Local Doctors Lend Support to Keep Golfers Well During U.S. Open
Posted June 14, 1999
PINEHURST — Golfers in town for the1999 U.S. Openare in good hands, medically speaking. Realizing the slightest injury can impact their million dollar strokes, thePGAhas formed a team of local doctors and sports medicine specialists to deal with the aches and pains of the game.
Golf is not the most physically demanding sport, but people playing on the pro tour still get injuries that can impact their game.
Raleigh golfer Scott Hoch, for instance, is dealing with some kind of foot pain.
"I haven't done anything to it," he says. "It's just something that came on. It's bothering me enough today where I had to cut my practice short."
That is where Cary's Dr. Brian Szura comes in. The sports medicine specialist has been selected to staff the PGA rehabilitation van while it is in Pinehurst.
"This is the first time I've covered or been available for a major golf tournament," says Szura, who is on hand to care for major injuries like ankle sprains and fractures.
A pair of physical therapists who travel from event to event handle minor maladies that are par for the course with pro golfers.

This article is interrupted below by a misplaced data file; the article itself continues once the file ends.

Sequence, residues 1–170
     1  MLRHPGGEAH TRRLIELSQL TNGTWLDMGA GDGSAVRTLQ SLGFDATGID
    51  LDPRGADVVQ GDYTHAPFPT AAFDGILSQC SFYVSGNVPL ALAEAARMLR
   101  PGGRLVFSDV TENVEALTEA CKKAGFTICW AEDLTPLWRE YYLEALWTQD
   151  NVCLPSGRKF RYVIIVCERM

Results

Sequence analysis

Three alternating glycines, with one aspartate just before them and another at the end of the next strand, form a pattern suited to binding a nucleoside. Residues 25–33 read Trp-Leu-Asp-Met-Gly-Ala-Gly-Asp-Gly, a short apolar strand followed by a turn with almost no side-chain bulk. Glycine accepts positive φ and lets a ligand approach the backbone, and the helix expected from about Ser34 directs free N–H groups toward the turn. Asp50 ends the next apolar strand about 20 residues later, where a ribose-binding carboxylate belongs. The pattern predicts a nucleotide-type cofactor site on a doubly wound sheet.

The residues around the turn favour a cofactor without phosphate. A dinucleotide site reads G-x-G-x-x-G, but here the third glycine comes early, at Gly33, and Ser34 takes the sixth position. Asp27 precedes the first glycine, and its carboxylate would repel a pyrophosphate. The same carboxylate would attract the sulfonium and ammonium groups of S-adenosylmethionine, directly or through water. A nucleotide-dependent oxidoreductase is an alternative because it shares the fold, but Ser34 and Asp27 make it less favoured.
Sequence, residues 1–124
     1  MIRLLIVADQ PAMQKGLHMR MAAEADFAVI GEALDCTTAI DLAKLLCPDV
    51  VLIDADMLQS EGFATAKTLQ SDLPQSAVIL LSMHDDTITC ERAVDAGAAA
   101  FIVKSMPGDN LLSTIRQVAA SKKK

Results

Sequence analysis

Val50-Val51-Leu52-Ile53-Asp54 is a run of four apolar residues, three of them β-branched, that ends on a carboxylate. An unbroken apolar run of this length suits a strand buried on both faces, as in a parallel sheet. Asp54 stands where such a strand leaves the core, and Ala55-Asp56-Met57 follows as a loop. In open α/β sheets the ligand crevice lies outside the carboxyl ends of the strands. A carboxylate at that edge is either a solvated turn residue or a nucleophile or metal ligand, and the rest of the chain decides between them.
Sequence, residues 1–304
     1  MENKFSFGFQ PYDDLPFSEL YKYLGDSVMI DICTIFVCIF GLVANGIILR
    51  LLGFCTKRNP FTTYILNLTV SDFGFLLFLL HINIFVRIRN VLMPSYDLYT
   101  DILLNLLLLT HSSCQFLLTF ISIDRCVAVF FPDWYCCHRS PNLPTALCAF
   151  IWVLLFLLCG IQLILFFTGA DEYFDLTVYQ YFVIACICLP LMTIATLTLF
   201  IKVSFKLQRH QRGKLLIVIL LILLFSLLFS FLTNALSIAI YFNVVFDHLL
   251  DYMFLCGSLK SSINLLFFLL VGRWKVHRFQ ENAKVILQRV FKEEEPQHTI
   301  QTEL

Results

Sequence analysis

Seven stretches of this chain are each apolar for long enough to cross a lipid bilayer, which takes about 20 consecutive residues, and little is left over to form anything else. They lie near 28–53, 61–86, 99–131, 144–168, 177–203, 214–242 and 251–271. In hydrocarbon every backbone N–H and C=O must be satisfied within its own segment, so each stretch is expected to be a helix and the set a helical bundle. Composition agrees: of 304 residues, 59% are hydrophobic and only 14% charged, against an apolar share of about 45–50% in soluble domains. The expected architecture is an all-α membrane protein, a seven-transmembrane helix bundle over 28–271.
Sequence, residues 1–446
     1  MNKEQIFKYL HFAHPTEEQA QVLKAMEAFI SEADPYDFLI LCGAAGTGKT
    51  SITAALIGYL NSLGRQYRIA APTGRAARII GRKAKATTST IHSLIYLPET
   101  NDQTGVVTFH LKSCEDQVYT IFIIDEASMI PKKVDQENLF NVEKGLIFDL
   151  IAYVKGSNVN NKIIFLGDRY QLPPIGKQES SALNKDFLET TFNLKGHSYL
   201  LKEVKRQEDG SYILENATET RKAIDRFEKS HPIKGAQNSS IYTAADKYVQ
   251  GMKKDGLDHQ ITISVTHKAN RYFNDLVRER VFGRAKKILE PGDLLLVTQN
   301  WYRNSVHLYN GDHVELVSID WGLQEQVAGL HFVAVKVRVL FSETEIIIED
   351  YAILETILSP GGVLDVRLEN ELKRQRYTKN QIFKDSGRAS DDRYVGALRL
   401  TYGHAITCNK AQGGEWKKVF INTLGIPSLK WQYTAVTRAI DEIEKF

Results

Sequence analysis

"They come in with acute injuries. A lot of times they have chronic problems. Low back strain and cervical strains are quite common," explains Szura.
Former U.S. Open champion Andy North says golfers like the fact that they have the medical staff to help them out. He especially likes that the two physical therapists follow the players from event to event.
"When I first started the tour, if you had a problem, you went to someone in some town. They'd never seen you before, and they didn't have any idea what your problems are other than what you have that time. These guys see the same people week after week after week, and it's a consistent and constant service for us."
Before each first round, the golfers crowd into the van for massages to loosen up. Similar vans are available for other professional golf tours.